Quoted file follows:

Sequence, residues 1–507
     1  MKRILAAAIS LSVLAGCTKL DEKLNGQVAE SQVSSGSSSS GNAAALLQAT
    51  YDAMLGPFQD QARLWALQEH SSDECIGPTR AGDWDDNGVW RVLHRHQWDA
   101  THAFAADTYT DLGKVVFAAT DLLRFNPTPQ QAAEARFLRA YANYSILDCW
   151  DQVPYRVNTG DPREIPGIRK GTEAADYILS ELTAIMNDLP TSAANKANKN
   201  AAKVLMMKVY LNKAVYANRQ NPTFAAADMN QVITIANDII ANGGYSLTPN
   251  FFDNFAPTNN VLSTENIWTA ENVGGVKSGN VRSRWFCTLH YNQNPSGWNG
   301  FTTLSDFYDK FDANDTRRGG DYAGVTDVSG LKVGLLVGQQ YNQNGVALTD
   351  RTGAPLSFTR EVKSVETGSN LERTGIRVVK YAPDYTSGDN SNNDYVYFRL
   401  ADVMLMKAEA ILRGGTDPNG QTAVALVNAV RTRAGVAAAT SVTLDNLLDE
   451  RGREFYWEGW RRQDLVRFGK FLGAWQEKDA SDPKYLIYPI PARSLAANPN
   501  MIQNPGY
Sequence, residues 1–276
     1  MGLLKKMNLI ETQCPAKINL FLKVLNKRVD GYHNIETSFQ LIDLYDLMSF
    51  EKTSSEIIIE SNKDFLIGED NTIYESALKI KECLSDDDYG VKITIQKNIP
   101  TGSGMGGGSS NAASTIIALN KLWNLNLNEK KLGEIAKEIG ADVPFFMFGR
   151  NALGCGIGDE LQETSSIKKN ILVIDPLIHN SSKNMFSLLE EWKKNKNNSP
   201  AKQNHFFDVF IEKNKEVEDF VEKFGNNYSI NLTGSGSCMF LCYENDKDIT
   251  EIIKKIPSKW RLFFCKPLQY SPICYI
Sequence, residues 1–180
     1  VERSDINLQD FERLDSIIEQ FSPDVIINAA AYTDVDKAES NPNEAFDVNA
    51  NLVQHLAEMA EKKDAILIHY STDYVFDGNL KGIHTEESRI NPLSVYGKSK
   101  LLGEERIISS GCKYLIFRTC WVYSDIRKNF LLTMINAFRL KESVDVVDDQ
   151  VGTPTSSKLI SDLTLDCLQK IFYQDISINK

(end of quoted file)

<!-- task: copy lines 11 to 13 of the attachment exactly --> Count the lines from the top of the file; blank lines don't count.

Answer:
   451  RGREFYWEGW RRQDLVRFGK FLGAWQEKDA SDPKYLIYPI PARSLAANPN
   501  MIQNPGY
Sequence, residues 1–276